1. Mechcatie, Elizabeth MA, BSN


A recent study found misuse increased by more than 40% with each refill.


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A study that analyzed insurance and prescription claims data identified the number of opioid refills and duration of use as stronger predictors of misuse by patients after surgery than opioid dose. The results offer insight into how opioid prescribing practices influence misuse-defined in the study as abuse, dependence, or overdose.


The study looked at Aetna insurance claims for roughly 1 million patients who had surgery between 2008 and early 2016 and were considered "opioid naive," meaning they had used an opioid for seven days or less during the 60 days before surgery. Of these patients, 56% filled a prescription for an opioid after surgery, most within three days of discharge. Over a median follow-up of nearly three years, close to 6,000 of these patients met the study's criteria for "opioid misuse," determined by diagnostic codes for opioid dependence, abuse, and/or overdose in their medical records. Almost 1,900 patients in this group were identified within the first postoperative year.


The strongest predictor of misuse was the duration of opioid use. After adjusting for possible confounding factors, the risk of misuse increased by 44% with each refill and by 20% for each week patients took opioids, both statistically significant associations. Even with one refill, the rate of misuse was more than twofold higher than with no refills (293 cases versus 145 cases per 100,000 person-years). Opioid dose, however, was a weaker predictor and "became important only with extended use," and even high doses "were associated with only mild increases in risk when duration was short," the researchers wrote. Although the mean opioid dose prescribed appeared to drop during the study period, the mean duration of opioid use was fairly stable and the association between duration and misuse persisted.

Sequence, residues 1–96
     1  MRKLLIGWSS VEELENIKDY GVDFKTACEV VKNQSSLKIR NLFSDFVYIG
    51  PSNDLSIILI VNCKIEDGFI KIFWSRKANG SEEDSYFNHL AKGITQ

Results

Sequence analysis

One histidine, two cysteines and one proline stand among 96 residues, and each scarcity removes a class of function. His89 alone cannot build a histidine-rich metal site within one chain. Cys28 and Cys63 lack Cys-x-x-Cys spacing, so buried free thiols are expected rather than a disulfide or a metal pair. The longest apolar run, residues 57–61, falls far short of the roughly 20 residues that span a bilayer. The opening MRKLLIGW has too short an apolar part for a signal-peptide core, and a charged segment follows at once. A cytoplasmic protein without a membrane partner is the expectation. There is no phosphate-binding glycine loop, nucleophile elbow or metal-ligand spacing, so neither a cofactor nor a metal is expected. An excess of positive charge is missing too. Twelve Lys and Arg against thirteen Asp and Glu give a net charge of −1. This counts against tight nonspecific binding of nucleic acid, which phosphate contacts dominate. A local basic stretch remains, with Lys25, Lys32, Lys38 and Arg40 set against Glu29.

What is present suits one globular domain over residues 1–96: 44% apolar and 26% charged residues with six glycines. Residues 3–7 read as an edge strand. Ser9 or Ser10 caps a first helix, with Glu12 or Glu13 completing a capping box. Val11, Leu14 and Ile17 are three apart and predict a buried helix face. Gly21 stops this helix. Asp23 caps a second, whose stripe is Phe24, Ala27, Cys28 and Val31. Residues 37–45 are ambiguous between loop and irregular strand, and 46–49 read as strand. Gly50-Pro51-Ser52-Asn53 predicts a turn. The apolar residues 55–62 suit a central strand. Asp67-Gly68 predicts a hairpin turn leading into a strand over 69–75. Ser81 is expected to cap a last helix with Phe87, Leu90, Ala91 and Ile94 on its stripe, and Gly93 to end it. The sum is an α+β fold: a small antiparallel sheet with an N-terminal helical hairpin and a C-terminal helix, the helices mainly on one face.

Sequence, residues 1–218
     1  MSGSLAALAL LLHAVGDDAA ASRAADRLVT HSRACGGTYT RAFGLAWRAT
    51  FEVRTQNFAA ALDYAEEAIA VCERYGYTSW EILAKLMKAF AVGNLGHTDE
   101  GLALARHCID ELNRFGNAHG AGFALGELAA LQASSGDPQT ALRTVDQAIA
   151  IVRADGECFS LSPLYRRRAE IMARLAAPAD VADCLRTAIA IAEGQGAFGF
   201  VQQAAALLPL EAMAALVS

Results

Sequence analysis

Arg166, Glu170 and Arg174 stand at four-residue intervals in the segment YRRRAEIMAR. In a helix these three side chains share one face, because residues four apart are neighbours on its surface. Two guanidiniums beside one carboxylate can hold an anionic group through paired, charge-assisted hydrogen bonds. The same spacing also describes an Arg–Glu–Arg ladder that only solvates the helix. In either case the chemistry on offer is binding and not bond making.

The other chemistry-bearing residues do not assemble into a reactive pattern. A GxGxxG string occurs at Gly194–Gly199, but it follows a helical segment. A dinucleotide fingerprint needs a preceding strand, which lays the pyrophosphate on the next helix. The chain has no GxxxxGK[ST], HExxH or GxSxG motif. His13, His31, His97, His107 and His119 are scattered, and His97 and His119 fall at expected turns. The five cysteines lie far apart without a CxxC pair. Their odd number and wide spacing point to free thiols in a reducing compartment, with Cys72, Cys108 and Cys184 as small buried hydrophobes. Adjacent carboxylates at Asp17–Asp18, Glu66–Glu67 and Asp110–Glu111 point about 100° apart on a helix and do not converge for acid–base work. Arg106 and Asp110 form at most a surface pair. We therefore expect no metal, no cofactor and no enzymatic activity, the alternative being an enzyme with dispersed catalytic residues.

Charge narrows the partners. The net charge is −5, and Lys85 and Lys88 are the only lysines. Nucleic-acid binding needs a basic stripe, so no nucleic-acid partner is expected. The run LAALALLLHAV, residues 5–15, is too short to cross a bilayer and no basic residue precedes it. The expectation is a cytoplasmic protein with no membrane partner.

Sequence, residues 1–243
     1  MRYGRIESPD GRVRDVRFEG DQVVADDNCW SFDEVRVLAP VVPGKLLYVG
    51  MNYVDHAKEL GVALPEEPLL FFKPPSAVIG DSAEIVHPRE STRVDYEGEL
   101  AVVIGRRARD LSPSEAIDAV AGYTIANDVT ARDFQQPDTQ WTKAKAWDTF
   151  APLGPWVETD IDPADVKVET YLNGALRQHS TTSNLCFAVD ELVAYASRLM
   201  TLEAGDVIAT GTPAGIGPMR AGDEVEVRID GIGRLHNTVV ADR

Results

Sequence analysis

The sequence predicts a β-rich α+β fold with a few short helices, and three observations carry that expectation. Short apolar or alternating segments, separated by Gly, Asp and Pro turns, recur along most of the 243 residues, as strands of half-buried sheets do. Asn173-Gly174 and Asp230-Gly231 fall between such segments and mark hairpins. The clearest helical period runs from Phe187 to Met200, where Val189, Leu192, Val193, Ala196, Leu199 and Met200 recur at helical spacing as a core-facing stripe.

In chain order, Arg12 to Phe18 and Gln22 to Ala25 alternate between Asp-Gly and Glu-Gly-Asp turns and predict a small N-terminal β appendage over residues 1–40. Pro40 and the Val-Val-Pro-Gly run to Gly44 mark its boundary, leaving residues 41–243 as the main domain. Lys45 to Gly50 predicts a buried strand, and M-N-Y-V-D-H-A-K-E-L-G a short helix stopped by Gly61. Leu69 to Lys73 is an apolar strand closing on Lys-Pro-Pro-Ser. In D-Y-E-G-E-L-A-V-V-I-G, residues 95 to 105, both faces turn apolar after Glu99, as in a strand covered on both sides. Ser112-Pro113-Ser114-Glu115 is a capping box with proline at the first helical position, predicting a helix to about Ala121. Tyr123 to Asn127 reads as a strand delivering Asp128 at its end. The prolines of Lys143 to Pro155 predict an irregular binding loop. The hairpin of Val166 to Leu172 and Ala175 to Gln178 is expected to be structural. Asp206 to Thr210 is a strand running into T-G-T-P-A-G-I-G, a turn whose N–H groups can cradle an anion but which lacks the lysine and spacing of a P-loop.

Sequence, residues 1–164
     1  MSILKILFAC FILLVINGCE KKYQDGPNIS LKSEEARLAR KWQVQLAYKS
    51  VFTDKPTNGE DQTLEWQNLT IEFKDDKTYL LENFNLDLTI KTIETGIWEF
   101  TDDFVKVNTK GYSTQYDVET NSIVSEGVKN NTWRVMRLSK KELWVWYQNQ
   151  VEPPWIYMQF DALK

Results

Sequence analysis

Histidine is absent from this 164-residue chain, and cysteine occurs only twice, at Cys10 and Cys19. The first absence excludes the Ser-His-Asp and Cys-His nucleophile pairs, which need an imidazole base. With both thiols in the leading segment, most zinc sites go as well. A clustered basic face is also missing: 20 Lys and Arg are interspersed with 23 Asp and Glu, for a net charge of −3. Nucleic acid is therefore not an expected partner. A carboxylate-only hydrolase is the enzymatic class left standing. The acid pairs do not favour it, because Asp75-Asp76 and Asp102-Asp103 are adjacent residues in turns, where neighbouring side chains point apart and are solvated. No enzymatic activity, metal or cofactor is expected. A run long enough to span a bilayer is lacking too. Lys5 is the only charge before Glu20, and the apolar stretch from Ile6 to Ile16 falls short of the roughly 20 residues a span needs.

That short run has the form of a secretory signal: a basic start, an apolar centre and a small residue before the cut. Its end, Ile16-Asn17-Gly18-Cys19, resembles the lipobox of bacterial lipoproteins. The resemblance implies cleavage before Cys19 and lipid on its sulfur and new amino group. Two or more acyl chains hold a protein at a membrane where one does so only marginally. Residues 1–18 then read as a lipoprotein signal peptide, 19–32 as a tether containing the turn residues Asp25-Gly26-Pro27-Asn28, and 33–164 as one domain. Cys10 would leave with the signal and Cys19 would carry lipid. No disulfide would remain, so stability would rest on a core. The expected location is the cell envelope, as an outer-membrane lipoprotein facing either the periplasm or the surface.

There appear to be "conflicting forces at play" among health care professionals, the authors observed. "Clinicians are trapped between guidelines that recommend shorter duration and lower dosing of opioid drugs and a subset of patients who request or require opioids beyond the initial prescription." They cited studies that "imply that optimal postoperative prescribing, which maximizes analgesia and minimizes the risk of misuse, may be achieved with moderate-to-high opioid dosages at shorter durations, a combination that merits further investigation in population-based and clinical studies."-Elizabeth Mechcatie, MA, BSN




Brat G, et al BMJ 2018 360 j5790